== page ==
While Israel had been bombing residential areas non-stop, there was a deadly strike at the Al-Ahli Arab Hospital in Gaza City, which killed more than 470 civilians on October 17, making it by far the highest death toll of any single incident, with hundreds injured and trapped under the rubble.

On the same day, there was another strike on a UNRWA school located in the Al Maghazi refugee camp that sheltered some 4,000 displaced people, along with two other densely populated refugee camps.

"With most communications lines being cut off through constant bombardment that has destroyed cables and cell towers, there is no saying to what extent the Israeli state and military will go to carry out genocide in Gaza"

Israel refused to take responsibility for the strike at Al-Ahli hospital, saying it was caused by a misfired rocket launched by the Palestinian Islamic Jihad, which subsequently denied the allegation as well.

Now, Israel has threatened to target Gaza’s largest medical complex, Al-Shifa, alleging that it is being used as the main headquarters and as a “shield” for “Hamas operations”.

Israeli warplanes have already bombed areas in the vicinity of Al-Shifa and Indonesian hospitals in Gaza.

Not only that, but the Palestinian Red Crescent Society said that the Al-Quds Hospital in Gaza received serious threats from the occupation authorities to immediately evacuate as it is going to be bombed as well.

Quds News Network also reported that Israeli jets bombed a target in the vicinity of Al-Quds Hospital, which 14,000 displaced civilians are taking refuge in.

Earlier, Israeli army spokesman, Rear Admiral Daniel Hagari said, “In this war, all options are on the table,” implying that if needed, they would even carry out airstrikes on hospitals, especially Al-Shifa.

In a news conference on Friday, October 27, Hagari alleged that “Hamas has turned hospitals into command and control centres and hideouts for Hamas terrorists and commanders.” He also shared some diagrammes and audio recordings as “proof” acquired by the Israeli intelligence to support this allegation.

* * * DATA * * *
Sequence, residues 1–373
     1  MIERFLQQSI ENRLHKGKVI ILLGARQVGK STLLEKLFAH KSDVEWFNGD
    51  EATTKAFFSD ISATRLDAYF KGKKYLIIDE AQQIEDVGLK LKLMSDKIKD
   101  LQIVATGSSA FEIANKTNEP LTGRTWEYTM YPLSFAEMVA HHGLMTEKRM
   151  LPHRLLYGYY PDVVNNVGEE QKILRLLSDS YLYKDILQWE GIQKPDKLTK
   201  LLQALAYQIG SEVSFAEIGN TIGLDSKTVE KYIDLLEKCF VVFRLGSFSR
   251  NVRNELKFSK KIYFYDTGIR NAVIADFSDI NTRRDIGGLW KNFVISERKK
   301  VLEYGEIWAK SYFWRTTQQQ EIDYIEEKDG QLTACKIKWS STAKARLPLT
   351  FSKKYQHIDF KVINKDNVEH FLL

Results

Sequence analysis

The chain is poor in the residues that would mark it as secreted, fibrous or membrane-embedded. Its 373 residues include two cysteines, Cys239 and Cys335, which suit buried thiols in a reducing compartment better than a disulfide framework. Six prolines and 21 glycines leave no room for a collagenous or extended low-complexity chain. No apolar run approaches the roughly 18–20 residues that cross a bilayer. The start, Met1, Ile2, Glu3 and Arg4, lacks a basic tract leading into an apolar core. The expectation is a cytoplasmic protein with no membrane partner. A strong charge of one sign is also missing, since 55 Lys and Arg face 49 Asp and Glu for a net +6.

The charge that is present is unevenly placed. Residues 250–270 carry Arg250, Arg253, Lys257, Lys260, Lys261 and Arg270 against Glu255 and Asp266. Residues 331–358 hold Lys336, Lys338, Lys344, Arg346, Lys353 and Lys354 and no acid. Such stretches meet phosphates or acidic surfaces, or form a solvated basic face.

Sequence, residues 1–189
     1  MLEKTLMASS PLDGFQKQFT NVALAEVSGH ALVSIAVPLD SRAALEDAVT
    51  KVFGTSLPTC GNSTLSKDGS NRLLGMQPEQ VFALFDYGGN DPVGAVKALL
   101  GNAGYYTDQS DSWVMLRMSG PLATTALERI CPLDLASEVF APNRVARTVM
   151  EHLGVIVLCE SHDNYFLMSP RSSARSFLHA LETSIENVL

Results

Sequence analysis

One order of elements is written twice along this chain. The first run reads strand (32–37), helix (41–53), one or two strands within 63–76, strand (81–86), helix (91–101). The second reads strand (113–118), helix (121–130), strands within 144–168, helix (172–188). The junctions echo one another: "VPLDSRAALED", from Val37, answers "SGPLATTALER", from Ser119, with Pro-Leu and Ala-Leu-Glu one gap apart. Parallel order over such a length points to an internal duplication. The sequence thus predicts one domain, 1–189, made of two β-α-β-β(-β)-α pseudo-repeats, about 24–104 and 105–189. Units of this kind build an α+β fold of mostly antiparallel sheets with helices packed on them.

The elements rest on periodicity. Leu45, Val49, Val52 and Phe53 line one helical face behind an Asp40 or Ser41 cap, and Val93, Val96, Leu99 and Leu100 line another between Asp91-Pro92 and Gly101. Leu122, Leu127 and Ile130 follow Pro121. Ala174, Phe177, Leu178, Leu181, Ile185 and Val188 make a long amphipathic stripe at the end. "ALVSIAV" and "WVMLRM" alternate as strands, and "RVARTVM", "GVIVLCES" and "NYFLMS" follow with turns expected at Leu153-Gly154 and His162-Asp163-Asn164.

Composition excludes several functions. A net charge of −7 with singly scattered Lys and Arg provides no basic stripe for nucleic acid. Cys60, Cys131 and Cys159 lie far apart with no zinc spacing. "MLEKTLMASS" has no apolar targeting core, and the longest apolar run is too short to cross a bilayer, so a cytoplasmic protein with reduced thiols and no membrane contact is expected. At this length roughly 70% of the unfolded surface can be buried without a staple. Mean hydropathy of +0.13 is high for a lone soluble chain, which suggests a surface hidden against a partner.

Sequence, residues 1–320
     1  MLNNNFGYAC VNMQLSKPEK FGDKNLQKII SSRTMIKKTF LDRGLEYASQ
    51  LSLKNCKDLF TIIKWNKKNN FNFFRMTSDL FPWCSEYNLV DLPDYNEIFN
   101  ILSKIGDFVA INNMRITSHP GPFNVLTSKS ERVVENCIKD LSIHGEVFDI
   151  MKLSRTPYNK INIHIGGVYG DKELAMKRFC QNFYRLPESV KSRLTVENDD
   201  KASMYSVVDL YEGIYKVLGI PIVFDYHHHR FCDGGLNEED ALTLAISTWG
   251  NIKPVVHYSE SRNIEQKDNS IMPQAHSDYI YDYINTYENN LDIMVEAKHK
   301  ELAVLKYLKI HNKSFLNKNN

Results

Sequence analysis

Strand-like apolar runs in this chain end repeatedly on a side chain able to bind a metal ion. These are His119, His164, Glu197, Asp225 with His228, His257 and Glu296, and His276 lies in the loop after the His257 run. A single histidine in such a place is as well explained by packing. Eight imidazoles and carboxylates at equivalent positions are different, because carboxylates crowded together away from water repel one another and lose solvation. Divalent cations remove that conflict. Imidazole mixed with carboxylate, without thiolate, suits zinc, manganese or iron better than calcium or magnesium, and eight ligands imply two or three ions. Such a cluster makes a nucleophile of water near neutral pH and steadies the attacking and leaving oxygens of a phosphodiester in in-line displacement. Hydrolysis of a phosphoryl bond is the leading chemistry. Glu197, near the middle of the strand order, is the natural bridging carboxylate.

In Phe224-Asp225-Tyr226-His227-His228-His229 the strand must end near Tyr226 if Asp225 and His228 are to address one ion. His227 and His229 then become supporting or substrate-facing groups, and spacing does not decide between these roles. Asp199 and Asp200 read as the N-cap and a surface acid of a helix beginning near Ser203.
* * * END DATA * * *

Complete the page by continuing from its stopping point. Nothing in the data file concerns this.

Since then, Israel has flooded social media, especially its various accounts on X, with intelligence videos, audio recordings, as well as confessional videos from alleged Hamas fighters who were captured, saying that Hamas is using the Al-Shifa Hospital to house explosives, weapons, food, and medical equipment.

“I told you. Shifa is a safe place. It will not be struck. To them (Hamas) it is safe. That’s what we know,” one of the men being interrogated says in the video shared across the official state accounts of Israel on X. 

All these posts showing “evidence” for their claim that Hamas is using Al-Shifa Hospital as its base seem to be building a case to justify its bombardment.

“There is no basis for the claims made by the [the Israeli military spokesperson] over the presence of Hamas commands under Al-Shifa Hospital,” senior Hamas official Izzat Rashaq has said in a statement on Telegram, saying that this was part of a “series of lies on which [Israel] builds its narrative.”

He added that Israel was using these false allegations as a “prelude” to “commit a new massacre bigger than the one on Al-Ahli Hospital,” and called on world leaders “to act to stop the crimes of genocide.”

Meanwhile, it has been reported that the Al-Shifa Hospital is barely functioning on solar-powered generators, and is on the verge of collapse like the rest of the healthcare system in Gaza.

It has been housing more than 50,000 displaced Palestinians, squeezing in waiting rooms and corridors, even outside in the courtyard.

With most communications lines being cut off through constant bombardment that has destroyed cables and cell towers, there is no saying to what extent the Israeli state and military will go to carry out genocide in Gaza.

By the time it is reported, it would have been too late and the allies of Israel would already have a narrative provided by Israel through its powerful social media propaganda to defend its actions.

Editor's note: This article was first published on The Friday Times 

Maliha Khan is a writer from Karachi, Pakistan. She writes both fiction and nonfiction and her work has appeared in the Tint Journal, The Remnants Archive, and Enthucutlet among others. She is a South Asia Speaks 2022 Fellow and she is currently working on her first book about her experiences in Delhi, India where she spent a number of years living

Follow her on Twitter: @malihakhnwrites